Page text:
I’ve long been fascinated by the role private security contractors like Blackwater, Triple Canopy and DynCorp play in Iraq. Here’s a whole class of heavily armed people wandering around the country accountable to, well, their consciences, I guess. The Wash Post has a fascinating bit about Blackwater today. Best part:
To a large degree, the companies regulate themselves. Lawrence T. Peter, director of the Private Security Company Association of Iraq, which represents at least 50 security companies, also serves as a $40-per-hour consultant on security issues to the Pentagon‘s Defense Reconstruction Support Office, which issues contracts.
Peter, during an interview in Baghdad, said that while serving as an adviser to the Coalition Provisional Authority he wrote the initial drafts of Memorandum 17, dated June 26, 2004, which established operating guidelines for security companies and remains “the extant law for private security contractors in Iraq.”
The rules on use of force are introduced in capital letters with the statement: “NOTHING IN THESE RULES LIMITS YOUR INHERENT RIGHT TO TAKE ACTION NECESSARY TO DEFEND YOURSELF.”
A separate document, CPA Order 17, dated June 27, 2004, granted the private security companies immunity from Iraqi law.
Over the past year, the military has issued a series of “fragos,” or fragmentary orders, designed to impose greater accountability on security contractors operating under Defense Department contracts. Blackwater was not covered because it reported to the State Department.
The new rules included procedures for the registration of weapons and streamlined the reporting of shooting incidents. The U.S. military’s director of security for the Green Zone, where approximately three dozen private security firms are based, has conducted sweeps that netted hundreds of unauthorized weapons.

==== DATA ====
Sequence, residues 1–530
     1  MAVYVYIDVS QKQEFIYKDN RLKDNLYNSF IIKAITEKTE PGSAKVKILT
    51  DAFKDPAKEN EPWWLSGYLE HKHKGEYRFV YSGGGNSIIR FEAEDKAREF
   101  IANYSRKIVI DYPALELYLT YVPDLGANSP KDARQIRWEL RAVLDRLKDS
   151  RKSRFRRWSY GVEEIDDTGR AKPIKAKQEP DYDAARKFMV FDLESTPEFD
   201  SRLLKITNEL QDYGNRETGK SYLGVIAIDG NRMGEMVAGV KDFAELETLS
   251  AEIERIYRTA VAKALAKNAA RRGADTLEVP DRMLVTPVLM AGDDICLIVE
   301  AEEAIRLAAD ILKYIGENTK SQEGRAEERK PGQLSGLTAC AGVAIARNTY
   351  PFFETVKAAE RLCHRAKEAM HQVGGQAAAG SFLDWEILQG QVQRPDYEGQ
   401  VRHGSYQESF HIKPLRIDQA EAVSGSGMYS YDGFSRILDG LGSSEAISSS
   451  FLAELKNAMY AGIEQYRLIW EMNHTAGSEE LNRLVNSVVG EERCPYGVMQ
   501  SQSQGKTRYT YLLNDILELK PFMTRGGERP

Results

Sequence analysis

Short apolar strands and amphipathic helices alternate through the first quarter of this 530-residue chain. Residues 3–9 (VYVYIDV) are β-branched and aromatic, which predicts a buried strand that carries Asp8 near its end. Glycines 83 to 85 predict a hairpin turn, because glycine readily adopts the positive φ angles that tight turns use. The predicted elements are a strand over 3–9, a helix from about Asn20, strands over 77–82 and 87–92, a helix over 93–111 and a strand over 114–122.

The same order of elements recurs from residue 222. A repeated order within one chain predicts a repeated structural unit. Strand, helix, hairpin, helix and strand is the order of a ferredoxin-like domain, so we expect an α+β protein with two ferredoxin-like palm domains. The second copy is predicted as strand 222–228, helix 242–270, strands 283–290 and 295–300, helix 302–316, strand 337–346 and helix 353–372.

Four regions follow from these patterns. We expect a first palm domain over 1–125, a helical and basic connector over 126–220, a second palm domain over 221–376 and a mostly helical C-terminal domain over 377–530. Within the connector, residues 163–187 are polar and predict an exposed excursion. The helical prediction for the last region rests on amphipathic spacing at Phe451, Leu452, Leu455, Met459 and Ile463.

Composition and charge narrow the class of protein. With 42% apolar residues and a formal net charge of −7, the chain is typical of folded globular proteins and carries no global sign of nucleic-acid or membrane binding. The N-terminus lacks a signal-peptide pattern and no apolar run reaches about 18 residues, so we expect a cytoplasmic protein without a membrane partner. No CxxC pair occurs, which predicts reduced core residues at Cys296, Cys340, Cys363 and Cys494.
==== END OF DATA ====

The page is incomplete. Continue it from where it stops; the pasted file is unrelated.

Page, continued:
None of the new orders applied to Blackwater, which has received $678 million in State Department contracts since 2003 and operates under the department’s authority.
“I’m not gonna go chasing after non-DoD organizations, going, ‘Uh, you didn’t submit an incident report for this,’ ” said Maj. Kent Lightner of the U.S. Army Corps of Engineers, who monitors shooting incidents involving private security contractors under Defense Department contracts.
Um, actually, doesn’t it seem like the very definition of the job of someone who “monitors shooting incidents involving private contractors” is to get those incident reports? UPDATE: See Lightner’s response in comments below. Clearly, this isn’t a simple issue, and I apologize for my somewhat flip comment.
Still, if you’re going to read just one story about private contractors in Iraq, don’t. Instead, listen to this fantastic bit by Nancy Updike, called “I’m from the Private Sector and I’m Here to Help,” produced for This American Life in 2004. It’s at the same time the best thing done on contractors and the best thing ever on TAL.